Yin & Yang

Despite the esoteric-sounding title of this post, the main message that I’m going to convey here is, quite simply, Balance.

Yin and Yang is a concept in Asian philosophy that is used to describe how seemingly contradictory forces are often interconnected and interdependent. Opposites can only exist in relation to one another.

But enough of the philosophical expositions, let’s get down to how the idea of balance can help you in your everyday life.

Our school and work often take up a huge part of our lives, and we tend to spend more time awake at school or in the office than in our own homes. This makes us feel fatigued, especially when projects or presentations are eating away at all of our time and energy.

It is almost impossible to strike a true work-life (or study-life) balance before we enter semi-retirement, or unless you are earning truckloads without needing to put in gruelling hours. However, without an effort to maintain such a balance, we will become truly lost within ourselves.

Unless your work or your study is your passion, it is almost always a chore. However, no matter how tight your timetable or your schedule is, there will always be pockets of free time here and there, which are often, if not always, under-appreciated and under-utilised.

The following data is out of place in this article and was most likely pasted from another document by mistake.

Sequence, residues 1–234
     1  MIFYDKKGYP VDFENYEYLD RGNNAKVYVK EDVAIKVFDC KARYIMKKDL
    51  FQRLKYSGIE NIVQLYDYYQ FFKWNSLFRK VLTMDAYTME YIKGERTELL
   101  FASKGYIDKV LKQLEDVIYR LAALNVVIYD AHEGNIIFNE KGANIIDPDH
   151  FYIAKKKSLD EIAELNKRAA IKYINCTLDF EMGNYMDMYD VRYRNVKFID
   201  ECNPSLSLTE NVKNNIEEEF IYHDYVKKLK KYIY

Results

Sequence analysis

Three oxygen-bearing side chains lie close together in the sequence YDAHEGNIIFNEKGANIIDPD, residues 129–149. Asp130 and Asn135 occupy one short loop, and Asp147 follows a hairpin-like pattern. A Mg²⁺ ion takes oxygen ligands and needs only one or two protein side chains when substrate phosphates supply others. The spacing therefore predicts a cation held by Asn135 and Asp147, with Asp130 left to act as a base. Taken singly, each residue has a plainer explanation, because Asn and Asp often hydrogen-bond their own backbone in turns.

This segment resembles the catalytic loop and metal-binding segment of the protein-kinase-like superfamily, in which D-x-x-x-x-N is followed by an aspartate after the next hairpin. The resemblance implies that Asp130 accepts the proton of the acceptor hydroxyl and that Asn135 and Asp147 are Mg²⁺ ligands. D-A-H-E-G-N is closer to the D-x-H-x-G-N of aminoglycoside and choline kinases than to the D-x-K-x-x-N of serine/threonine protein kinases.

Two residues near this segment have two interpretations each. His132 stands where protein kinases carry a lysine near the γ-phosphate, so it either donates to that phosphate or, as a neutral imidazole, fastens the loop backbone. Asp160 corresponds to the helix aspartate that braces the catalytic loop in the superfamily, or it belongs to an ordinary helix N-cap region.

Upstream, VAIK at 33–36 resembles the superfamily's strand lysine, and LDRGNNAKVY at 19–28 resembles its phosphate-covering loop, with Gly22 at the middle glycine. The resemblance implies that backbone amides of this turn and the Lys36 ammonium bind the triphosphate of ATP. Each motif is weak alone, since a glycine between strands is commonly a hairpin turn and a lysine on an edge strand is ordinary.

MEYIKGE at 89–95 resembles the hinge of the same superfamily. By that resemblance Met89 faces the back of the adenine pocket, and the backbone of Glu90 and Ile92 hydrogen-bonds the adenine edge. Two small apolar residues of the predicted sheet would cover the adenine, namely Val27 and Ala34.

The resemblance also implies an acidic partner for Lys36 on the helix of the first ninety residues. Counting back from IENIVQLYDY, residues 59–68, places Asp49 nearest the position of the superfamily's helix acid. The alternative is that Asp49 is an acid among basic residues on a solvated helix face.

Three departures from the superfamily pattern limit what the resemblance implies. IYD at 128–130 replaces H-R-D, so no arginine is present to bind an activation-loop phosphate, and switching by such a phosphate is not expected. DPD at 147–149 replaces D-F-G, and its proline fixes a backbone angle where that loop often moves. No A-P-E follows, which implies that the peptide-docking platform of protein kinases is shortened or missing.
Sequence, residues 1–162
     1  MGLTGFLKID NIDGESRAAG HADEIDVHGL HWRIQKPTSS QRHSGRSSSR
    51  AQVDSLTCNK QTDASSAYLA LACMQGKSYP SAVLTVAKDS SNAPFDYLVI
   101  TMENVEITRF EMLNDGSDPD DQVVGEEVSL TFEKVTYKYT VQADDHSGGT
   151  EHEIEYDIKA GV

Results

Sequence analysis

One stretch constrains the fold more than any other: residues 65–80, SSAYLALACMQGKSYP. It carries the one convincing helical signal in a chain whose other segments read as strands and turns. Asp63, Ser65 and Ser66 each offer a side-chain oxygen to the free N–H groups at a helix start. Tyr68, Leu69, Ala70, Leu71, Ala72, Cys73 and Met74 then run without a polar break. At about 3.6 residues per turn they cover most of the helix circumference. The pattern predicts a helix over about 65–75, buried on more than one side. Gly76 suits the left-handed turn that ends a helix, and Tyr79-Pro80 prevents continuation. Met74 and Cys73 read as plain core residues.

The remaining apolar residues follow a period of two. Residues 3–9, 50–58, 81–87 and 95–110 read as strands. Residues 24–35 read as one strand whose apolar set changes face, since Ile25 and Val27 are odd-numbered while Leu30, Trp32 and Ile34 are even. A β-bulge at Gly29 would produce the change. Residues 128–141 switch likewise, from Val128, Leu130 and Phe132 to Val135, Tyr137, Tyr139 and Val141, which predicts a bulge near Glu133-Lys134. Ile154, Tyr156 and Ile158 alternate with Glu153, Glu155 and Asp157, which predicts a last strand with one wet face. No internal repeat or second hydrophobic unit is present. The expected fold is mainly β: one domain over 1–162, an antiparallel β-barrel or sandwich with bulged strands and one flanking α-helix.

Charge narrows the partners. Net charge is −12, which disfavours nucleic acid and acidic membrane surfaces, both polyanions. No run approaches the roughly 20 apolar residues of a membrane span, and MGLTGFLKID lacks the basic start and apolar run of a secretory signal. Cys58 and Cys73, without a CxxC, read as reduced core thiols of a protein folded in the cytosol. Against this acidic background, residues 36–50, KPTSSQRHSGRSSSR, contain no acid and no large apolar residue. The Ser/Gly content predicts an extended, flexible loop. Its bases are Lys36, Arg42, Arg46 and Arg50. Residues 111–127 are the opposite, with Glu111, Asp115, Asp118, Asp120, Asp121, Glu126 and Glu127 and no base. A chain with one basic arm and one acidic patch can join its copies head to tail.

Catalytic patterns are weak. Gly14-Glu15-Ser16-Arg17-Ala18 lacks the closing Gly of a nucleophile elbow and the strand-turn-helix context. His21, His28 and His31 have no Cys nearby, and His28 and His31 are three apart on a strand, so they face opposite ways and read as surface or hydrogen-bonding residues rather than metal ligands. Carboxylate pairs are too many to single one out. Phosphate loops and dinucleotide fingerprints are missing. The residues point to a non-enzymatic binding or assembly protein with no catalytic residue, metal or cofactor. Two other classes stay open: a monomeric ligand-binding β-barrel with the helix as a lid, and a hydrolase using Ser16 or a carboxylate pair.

I still remember my days in junior college, when my best friends and I would hit the pull-up bars during the breaks in between our classes. And then for about 20 – 30 minutes of absolute (albeit short-lived) bliss we will briefly forget the looming term papers and semestral exams, while we did muscle-ups, one-arm chins, handstand presses, and the like. We even gave the pull-up bars a fond nickname: the PUB (a beautiful acronym for pull-up bars, haha).

During days when there were longer breaks (who has 3-hour breaks in the morning right after assembly and before the first lesson?!) we would brave the threat of disciplinary outcomes and sneak out of school to grab a bite at our favourite prata place, a couple of bus-stops away.

Yeah, I know it is not right of us to do so, cos in the unlikely event that all 6 – 7 of us were kidnapped together it would have been hell for the school to explain our unauthorised absence to our grieving kin. But kids will be kids, right? Show me a kid who has never broken a school rule in his entire life, and I’ll show you a hundred others who have broken a hundred rules in their schooling days, haha.

And then I got myself mandatorily-enlisted into National Service, which really sucked cos for the majority of my army days (which totalled an agonising 1 year 10 months) I stayed in (camp) and could only go home on the weekends. Sometimes it got really hectic, but I can’t go into details here or I’ll probably get myself hauled in for suspected treason.